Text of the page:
What can I do to help?

If you are new to removal defense and want to get trained; if you want to volunteer to represent detained immigrants; or if you are an expert in removal defense or federal court litigation and want to mentor – then join our community of committed, fearless lawyers ready to stand as the last line of defense against deportation. Tell us who you are and what you want to do, and we’ll share updates, training, and more information, go to

Contact Karen Lucas at with additional questions about the Immigration Justice Campaign or to learn more about getting involved.

In response to the human rights crisis unfolding in the detention centers and courts at the U.S.-Mexican border, multiple local and national legal organizations have formed the El Paso Immigration Collaborative (EPIC). The collective’s goals are to advance the right to legal representation for detained immigrants and to provide sorely needed, increased oversight of the immigration courts and detention centers in and around El Paso.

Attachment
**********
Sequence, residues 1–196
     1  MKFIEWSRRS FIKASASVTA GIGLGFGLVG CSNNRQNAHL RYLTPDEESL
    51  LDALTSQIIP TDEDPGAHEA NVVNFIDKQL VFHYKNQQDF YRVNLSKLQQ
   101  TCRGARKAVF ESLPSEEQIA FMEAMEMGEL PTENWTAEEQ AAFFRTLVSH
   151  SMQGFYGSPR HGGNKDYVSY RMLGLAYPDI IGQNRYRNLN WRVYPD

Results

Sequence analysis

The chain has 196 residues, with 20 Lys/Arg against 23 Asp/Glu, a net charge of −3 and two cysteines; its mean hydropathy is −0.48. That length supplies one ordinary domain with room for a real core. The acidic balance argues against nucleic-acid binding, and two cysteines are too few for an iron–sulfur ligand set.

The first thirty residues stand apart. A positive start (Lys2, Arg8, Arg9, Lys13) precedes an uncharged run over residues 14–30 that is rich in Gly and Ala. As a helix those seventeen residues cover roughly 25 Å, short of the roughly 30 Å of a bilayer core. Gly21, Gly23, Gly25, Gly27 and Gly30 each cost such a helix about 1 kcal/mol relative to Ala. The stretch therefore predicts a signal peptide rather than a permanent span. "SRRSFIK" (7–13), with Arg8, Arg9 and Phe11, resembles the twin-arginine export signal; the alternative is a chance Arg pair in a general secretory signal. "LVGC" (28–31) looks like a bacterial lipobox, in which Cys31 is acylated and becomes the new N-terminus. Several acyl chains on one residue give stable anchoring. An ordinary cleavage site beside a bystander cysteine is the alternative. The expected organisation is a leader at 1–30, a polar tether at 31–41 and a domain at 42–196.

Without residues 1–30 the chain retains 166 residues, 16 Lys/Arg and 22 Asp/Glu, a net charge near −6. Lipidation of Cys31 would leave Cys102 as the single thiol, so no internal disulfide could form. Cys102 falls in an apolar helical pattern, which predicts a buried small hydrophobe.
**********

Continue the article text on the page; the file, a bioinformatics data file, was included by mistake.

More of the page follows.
Asylum denial rates for immigrants held in the massive detention centers in the El Paso region are among the highest in the United States. Asylum seekers detained in these facilities are victims of a due process disaster made worse by a dire shortage of lawyers that makes legal representation either unavailable or unaffordable for the vast majority of the 3,500 immigrants detained in the region. EPIC is marshalling the resources of its partner organizations to create a multi-faceted, data-driven campaign that coordinates the work of immigrant legal rights organizations in El Paso with thousands of remote legal volunteers across the United States to provide remote representation on bond and parole cases.